Three Energy-Yielding Nutrients
There are three energy-yielding nutrients: Carbohydrates, Protein and Fats. These nutrients are written in following lines.
1. Carbohydrates. Carbohydrates usually provide the greater part of the energy in a normal diet, but no individual carbohydrate is an essential nutrient in the sense that the body needs it but cannot make it for itself from other nutrients. If the carbohydrate intake is less than 100 g per day ketosis is likely to occur.
2. Fats. With their high caloric value, fats are useful to people with large energy expenditure; moreover they are helpful in cooking and making food appetizing. Though rats need linoleic or arachidonic acids in their diet, essential fatty acid deficiency is rare in man. It has been demonstrated in patients who have been fed intravenously for long periods without fat emulsions. They develop a scaly dermatitis and eicosatrienoic acid accumulates in plasma lipids. Essential fatty acids are precursors for the synthesis of prostaglandins.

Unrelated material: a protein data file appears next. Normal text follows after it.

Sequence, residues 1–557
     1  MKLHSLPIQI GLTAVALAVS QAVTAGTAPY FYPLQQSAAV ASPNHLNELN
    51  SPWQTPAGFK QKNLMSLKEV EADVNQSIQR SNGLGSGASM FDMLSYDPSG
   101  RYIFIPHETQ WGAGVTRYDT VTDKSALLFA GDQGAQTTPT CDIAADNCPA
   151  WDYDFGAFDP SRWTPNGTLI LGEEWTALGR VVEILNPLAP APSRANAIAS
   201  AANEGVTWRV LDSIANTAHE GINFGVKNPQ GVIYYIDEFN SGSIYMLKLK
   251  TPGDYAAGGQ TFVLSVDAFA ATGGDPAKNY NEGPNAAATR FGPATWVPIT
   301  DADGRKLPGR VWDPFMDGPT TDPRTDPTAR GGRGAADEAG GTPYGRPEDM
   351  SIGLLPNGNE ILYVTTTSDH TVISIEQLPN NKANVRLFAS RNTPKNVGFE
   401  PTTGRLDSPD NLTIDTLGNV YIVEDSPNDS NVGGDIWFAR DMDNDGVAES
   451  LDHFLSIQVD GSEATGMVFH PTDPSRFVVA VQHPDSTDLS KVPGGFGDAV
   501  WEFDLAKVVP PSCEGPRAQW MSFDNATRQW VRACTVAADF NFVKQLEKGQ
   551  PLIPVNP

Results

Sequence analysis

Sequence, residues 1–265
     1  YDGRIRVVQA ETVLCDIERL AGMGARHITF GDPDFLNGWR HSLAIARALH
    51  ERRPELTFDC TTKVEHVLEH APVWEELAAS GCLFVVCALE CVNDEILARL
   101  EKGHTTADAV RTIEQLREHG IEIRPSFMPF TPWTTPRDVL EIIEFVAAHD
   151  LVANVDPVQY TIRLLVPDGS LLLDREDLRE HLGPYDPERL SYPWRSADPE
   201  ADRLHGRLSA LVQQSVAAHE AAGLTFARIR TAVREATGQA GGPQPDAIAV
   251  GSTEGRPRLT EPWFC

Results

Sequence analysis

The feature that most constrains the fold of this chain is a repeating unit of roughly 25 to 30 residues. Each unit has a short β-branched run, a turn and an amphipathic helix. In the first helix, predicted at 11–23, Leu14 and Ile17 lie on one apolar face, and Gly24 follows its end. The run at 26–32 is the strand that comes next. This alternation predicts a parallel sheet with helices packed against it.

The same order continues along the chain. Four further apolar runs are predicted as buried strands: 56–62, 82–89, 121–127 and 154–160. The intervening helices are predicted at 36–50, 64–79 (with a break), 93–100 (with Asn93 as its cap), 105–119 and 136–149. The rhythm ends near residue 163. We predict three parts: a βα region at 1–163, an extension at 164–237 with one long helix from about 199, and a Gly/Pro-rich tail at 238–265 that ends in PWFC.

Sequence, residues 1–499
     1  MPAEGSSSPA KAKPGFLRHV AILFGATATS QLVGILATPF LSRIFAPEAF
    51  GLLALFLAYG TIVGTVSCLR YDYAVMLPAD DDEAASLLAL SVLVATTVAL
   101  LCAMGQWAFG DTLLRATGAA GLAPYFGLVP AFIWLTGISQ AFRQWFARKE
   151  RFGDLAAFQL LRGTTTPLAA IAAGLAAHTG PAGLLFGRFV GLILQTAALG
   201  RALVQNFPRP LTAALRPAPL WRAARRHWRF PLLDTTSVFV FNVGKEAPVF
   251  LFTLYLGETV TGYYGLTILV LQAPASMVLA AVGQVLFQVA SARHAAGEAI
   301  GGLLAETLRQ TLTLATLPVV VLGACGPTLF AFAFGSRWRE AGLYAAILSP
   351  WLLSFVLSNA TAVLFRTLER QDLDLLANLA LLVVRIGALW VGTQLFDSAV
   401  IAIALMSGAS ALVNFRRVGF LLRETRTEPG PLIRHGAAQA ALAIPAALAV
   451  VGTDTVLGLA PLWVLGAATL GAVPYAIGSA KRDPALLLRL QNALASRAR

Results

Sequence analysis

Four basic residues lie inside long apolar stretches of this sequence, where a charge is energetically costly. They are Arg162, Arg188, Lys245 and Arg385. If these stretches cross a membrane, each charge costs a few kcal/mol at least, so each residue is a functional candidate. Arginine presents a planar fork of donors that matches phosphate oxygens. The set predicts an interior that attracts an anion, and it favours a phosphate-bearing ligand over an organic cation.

3. Proteins. Protein provides some 20 amino acids, of which eight are essential for normal protein synthesis and for maintaining nitrogen balance in adults. These essential amino acids are methionine, lysine, tryptophan, phenylalanine, leucine, isoleucine, threonine, and valine. Histidine and perhaps arginine are also needed for growth in infants.
The 'biological value' of different proteins depends on the relative proportions of essential amino acids they contain. Proteins of animal origin, particularly from eggs, milk and meat, are generally of higher biological value than the proteins of vegetable origin which are deficient in one or more of the essential amino acids. However it is possible to have a diet of mixed vegetable proteins with high biological value if the principle of supplementation is used. For example cereals, e.g. wheat, contain about 10% protein and are relatively deficient in lysine. Legumes contain around 20% of protein which is relatively deficient in methionine. If two parts of wheat are mixed (or eaten) with one part of legume, a food results which contains 13% of a protein of high biological value. This happens because cereals contain enough methionine and legumes enough lysine to supplement the other component of the mixture.
The usual recommended allowance for an adequate protein intake is 10% of the total calories i.e. about 65 g for the average adult. The minimum requirement is less around 40 g per day of good biological value protein for an adult.